And if we need to convince ourselves further of the worthiness of the right kind of stubbornness, let us turn to the haftara where we are given the immortal picture of the prophet Elijah on Mount Carmel, challenging the priests of the idol Baal, swaying his people to him and away from Baal by the miraculous fire from heaven which consumes his sacrifice. What was Elijah’s purpose in this dramatic moment? To prove God’s existence? Is it possible or even proper to prove God by this kind of histrionics which could possibly be duplicated by a skilled magician? Not at all. What Elijah proposed in his sudden appearance out of the desert was to change the character of the people from the spiritual flabbiness of fence-sitting religiosity and wishy-washy faith back to the toughness of “am keshei oref.” Remember the challenge the prophet flung at this uncertain people, wavering ’twixt God and Baal? “Ad matay atem posĥim al shetei hase’ipim,” how long will you waiver between two opinions, how long will you keep jumping from one branch to the other like a bird that cannot decide where it wants to go? How long will you postpone the hard and tough choice: either God or Baal? The prophet was tired with the softness of the Jewish spirit of his day. He wanted to do away with the jelly-fish spirit. He longed for the “am keshei oref,” for a flint-minded, stiff-necked people whose head could not be turned by the glitter of golden idols and whose heart would not be turned to the temptations of petty pagan customs.
How interesting is the biblical idiom for stubbornness – “keshei oref,” “a stiff neck.” A man who has a stiff neck finds that his body and head must face in the same direction. In the evil, wrong kind of stubbornness, his head follows his body and his mind justifies his material cravings. In the right kind of stubbornness, his body follows his head, and he disciplines himself to follow his principles. When there is “posĥim al shetei hase’ipim,” when there is flabbiness, then head and body face different directions – the mind expresses the best of intentions, while the body indulges in the worst kind of deeds. God condemned the wrong kind of stubbornness. Elijah condemned all kinds of moral flabbiness. Moses praised the right kind of stubbornness – where the principles prevail and body must follow mind.
That this teaching of Judaism is as important today as always goes without saying. Our fight for freedom against tyranny, for Jewishness against assimilation, for the moral life against degeneracy – all these depend, in the end, on how properly stubborn we are. But today allow me to mention very briefly but one element of Jewish obstinacy that we must reaffirm urgently. We are a people who have never allowed our poor and unfortunate to become public charges. We have always taken care of our own. It is a wonderful tribute to our stiff-neckedness that we New York Jews, in keeping with this tradition of tzedaka and caring for our fellow Jews, have always supported the central, over-all agency for such purposes: The Federation of Jewish Philanthropies. The Federation cares for people in our city, through hospitals, orphanages, family and vocational guidance, summer camps, and Jewish education. It is the source of percent of Jewish sponsored care in this city. Last year, the Federation suffered a $2 million deficit. This year it faces the alarming deficit of $4 million. The Federation now faces a crisis in maintenance – it needs no less than $18 million this year just to continue its work without any expansion or improvement. We are called upon, we of the Jewish Center, to show our moral and ethical strength, to rally to the call of tzedaka, to reaffirm our insistence that we take care of our own, that no Jew ever be forced into the humiliation of the public ward. It is a peculiar feeling, and we are stubborn about it – but it is part of our moral heritage. Let us not stand accused of Elijah’s jibe “ad matayatem posĥim al shetei hase’ipim.” How long will we remain ambivalent and uncertain whether we will practice tzedaka or not? Let us brace ourselves, and support the Federation even if it hurts a bit. For we are “am keshei oref.”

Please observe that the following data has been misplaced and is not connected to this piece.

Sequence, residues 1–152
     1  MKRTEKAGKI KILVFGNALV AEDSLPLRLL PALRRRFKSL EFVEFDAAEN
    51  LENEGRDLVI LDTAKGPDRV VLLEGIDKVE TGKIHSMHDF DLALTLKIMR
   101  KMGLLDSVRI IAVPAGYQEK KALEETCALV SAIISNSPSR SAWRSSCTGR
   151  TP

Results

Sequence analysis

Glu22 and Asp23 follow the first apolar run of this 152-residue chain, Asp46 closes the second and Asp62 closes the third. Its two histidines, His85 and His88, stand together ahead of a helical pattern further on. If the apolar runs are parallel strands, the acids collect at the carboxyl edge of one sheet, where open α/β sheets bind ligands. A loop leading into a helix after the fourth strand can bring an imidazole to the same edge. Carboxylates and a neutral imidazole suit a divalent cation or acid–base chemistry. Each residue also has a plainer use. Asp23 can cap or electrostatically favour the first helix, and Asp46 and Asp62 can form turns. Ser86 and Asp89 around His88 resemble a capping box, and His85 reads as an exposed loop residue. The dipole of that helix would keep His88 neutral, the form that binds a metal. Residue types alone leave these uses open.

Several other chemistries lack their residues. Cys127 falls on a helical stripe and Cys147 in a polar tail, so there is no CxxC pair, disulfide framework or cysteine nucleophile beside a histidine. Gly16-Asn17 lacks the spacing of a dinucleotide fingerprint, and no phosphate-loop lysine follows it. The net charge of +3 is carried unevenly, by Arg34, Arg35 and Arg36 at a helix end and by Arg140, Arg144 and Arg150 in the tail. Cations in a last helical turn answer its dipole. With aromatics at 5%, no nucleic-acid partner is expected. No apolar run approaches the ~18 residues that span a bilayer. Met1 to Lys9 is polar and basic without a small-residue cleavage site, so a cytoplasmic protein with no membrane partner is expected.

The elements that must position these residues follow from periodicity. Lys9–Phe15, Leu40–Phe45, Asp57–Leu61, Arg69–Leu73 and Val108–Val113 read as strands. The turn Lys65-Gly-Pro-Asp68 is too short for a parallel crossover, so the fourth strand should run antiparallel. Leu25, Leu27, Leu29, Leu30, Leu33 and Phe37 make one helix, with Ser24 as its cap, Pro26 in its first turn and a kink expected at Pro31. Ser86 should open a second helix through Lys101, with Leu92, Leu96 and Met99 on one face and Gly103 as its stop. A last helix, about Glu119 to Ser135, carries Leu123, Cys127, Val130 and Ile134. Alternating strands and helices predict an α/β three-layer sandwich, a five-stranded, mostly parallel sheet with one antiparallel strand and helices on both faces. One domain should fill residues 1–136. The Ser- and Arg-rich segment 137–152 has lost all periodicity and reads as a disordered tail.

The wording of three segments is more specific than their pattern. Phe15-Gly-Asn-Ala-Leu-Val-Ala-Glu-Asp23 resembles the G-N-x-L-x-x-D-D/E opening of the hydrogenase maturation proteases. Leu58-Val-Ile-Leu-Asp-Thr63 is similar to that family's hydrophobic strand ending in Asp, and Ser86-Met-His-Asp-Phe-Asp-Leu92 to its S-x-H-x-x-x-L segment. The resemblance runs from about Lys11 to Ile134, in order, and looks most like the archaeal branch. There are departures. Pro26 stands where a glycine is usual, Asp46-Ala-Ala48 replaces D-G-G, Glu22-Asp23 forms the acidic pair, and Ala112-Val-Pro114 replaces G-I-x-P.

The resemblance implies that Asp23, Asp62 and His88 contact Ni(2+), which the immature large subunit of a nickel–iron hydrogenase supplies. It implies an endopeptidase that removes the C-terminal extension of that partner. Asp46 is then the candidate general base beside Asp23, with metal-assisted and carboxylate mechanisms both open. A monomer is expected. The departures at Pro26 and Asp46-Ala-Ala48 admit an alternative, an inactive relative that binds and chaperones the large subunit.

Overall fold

The Halakha teaches us that an animal whose spine is broken is tereifa – it is not kosher. And if we are in doubt, the Halakha prescribes this interesting test: grasp the spine at its base. If it leans over at the side, that is the sign of a fracture, and the animal is a tereifa. If it stands erect, then the spine has its natural hardness and it is kosher.
If we want to be kosher Jews, Jews who are genuine and authentic heirs of the Torah tradition, we must possess strong backbones and stiff necks. We must show spine and stubbornness in the face of adversity and challenge. We must not bow before persecution; we must not bend the knee for any of the modern idols. We must stand proudly and straight upon our sacred principles. Then we shall be kosher Jews. Then we shall not have reason to fear Elijah’s taunt. Then we shall prove worthy of Moses’ prayer and God’s affirmative answer to that prayer: “yelekh na Hashem bekirbenu ki am keshei oref hu” – let God go amongst us, for we are a stiff-necked people.
*February 28, 1959